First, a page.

Incumbent Anoka County Commissioner Dan Erhart has been challenged by Coon Rapids City Councilmember Scott Schulte in Anoka County Board District 7.
Erhart: I am a results-oriented small business owner.
I graduated from the University of Minnesota with a bachelor of science degree.
I’m active in the community, belonging to MetroNorth Chamber of Commerce, Anoka Area Chamber of Commerce, Coon Rapids Lions, Anoka Rotary and St. Stephen’s Church.
My wife, Kathy, retired from Mercy Hospital. We’ve made our home in Anoka County for more than 40 years.
I’m qualified to be a commissioner because of my variety of career experiences, including working for small to large companies and managing intergovernmental efforts.
I’m the top candidate because I’ve learned about the needs and opportunities in the county through my commitment — with nearly a 100 percent meeting attendance record in my years of public service.
I’ve represented county residents and businesses at the regional, state and federal levels, successfully fighting for our funding needs.
I’m proud of the county’s financial health.
For several years, Anoka County has been one of the lowest taxed of all 87 Minnesota counties.
We’ve earned a high bond rating which saves taxpayers money.
It takes a delicate balance of investing in infrastructure and keeping the lid on spending to accomplish these enviable positions of low taxes and high bond ratings.
Schulte: Scott Schulte was born and raised in Coon Rapids. He is married with five children and eight grandchildren.
Scott currently owns and operates a successful 54-year-old family run “old fashioned service station” Hi-Ten Service Center and has been employed there for 40 years.
Scott has 12 years of service on the Coon Rapids City Council as mayor pro-tem and councilman-at-large.
He serves on the Anoka County Joint Law Enforcement Council and is a member of the homelessness elimination project in Anoka County.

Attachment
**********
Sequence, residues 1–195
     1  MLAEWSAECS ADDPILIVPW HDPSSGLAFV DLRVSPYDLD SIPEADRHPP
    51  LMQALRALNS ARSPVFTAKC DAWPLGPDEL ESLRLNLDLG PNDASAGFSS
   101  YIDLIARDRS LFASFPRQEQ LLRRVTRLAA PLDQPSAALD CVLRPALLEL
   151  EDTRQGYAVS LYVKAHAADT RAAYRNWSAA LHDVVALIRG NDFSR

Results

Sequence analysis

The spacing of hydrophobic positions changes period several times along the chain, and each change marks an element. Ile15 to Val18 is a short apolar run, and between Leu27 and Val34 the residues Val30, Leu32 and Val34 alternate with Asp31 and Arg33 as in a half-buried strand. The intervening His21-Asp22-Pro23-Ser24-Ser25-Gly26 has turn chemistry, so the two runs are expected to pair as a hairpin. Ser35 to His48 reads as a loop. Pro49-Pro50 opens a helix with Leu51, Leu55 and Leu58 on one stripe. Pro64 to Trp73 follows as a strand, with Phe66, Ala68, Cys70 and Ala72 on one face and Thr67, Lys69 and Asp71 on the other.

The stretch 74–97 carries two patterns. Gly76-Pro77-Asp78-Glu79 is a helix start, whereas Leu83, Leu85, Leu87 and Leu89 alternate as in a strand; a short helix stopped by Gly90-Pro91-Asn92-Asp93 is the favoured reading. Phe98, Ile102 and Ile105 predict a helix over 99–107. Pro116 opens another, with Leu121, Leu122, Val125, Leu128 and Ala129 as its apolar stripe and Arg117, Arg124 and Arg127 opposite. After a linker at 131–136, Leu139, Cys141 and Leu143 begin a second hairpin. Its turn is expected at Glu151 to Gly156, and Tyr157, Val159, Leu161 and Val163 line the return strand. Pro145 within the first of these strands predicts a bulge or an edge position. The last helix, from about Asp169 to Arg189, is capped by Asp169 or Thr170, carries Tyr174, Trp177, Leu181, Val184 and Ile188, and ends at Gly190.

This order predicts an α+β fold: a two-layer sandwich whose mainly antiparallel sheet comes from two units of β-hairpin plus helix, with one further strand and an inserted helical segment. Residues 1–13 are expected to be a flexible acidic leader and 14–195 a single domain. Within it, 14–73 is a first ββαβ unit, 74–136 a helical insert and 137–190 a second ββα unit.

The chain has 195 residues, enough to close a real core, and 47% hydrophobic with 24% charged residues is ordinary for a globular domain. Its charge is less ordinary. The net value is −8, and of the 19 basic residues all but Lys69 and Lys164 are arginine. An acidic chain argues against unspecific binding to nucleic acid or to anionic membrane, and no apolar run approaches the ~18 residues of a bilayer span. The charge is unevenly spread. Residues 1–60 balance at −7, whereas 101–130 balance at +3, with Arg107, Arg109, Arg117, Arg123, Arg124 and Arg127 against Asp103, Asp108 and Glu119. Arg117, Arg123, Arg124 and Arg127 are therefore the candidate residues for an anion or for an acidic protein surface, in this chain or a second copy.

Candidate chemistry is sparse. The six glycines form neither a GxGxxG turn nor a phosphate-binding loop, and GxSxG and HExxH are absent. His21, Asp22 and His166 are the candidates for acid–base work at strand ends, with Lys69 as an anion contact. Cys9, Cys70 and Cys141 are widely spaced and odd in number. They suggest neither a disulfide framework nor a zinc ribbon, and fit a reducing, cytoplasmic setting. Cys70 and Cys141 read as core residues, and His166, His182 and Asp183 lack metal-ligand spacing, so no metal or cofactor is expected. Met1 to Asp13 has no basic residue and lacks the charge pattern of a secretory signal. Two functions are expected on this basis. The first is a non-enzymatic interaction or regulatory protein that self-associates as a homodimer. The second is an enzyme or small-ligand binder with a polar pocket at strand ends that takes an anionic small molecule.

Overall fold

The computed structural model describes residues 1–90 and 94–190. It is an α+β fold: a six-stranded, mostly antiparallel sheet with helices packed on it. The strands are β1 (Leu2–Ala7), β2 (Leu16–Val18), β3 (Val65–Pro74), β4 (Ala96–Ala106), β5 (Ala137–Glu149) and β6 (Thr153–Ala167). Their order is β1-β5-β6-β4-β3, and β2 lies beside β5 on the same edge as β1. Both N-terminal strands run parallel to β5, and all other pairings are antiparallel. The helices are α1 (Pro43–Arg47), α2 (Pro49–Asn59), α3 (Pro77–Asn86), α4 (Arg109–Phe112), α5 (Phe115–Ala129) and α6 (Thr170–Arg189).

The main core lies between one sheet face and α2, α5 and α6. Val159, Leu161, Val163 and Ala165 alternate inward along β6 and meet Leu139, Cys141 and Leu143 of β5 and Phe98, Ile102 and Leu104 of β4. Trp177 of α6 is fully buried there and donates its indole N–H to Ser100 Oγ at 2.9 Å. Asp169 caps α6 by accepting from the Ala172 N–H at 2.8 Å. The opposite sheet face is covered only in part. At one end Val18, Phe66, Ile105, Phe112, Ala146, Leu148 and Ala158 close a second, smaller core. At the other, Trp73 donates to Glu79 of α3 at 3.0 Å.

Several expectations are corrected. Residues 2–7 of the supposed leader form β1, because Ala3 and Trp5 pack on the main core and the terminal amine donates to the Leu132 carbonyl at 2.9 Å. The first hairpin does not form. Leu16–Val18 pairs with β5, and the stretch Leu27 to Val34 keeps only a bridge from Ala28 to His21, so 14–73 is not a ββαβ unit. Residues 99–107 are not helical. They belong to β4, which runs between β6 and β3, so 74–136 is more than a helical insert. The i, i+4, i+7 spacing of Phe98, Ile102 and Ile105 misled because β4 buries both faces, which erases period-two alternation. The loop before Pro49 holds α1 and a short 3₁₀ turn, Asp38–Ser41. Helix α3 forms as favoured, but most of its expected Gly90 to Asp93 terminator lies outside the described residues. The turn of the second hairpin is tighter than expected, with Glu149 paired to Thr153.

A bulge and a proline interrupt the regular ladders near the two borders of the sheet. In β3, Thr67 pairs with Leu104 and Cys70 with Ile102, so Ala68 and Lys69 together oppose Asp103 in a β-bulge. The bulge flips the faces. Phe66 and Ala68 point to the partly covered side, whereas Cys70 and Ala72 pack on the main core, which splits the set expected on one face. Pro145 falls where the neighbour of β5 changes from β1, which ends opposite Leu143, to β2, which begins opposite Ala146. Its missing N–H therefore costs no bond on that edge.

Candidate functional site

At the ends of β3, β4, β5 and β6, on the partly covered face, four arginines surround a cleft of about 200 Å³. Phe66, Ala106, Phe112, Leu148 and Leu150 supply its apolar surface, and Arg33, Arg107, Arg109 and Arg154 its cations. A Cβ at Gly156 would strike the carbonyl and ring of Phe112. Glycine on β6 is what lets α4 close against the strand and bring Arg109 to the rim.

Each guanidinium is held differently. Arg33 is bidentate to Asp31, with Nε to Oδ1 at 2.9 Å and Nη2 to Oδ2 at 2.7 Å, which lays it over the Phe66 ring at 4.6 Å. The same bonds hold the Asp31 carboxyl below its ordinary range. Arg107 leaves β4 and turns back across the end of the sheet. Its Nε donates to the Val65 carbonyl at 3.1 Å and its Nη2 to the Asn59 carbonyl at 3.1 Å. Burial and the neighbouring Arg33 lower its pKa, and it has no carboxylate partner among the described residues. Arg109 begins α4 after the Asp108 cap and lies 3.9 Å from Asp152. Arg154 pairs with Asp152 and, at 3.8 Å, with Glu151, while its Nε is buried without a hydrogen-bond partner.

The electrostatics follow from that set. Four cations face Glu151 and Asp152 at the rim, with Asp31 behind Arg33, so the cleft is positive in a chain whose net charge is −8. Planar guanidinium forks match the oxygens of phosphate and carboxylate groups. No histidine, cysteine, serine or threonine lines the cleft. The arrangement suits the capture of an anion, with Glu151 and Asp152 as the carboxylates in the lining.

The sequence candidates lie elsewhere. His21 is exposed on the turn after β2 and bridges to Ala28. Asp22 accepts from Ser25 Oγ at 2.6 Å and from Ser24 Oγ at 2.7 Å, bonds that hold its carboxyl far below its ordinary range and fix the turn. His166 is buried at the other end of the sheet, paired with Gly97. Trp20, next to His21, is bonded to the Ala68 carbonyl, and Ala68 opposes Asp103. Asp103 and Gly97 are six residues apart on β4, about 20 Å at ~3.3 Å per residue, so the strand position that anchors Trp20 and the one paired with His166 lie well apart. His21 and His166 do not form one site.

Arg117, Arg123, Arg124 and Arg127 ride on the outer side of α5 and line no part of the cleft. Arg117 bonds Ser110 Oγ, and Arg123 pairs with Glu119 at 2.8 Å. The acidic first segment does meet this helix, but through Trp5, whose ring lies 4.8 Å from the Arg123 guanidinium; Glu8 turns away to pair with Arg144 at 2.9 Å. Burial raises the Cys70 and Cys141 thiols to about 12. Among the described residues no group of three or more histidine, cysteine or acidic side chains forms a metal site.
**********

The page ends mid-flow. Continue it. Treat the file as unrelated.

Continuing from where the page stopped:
Scott also serves on the board of the Coon Rapids Crime Prevention Association and on the board of the First Advantage Bank.
His service also includes being a director on the board of the Coon Rapids Rotary Foundation and the Coon Rapids Mortgage Assistance Foundation.
Scott worked as the treasurer and trustee of the Church of the Epiphany for Rev. Bernard Reiser and is an active member of the Coon Rapids Rotary Club and a past member of the Lions club.
Scott is the past chairman of the Anoka Technical College Automotive Advisory Board and past chairman of the Union 76 Dealer Council.
Scott was a past Cub Scout, Webelos and Boy Scout.
2. What should be the priorities of the county board and why?
Erhart: The county board should have a long-term plan for how to make and keep Anoka County the best place to live, work, play, go to school and retire.
Competition for resources is fierce at all levels of government.
Those who are passionate about their communities and persistent, like me, succeed in delivering results.
Anoka County deserves a 21st century transportation system.
I envision more options to connect residents, employees, students and seniors to the new interchange near Target Field in Minneapolis.
In 2014, the interchange will have 500 trains and 1,900 bus connections daily.
We should pursue a second rail line in Anoka County headed north.
A second line would trigger track improvements that would result in more service on the Northstar Commuter Rail line as well.
I envision Northstar going from 12 trains to more than 30 train trips every weekday, if we aggressively grow our regional transit system.
With that growth comes a major transit hub in Anoka County that will foster more choices in housing and jobs.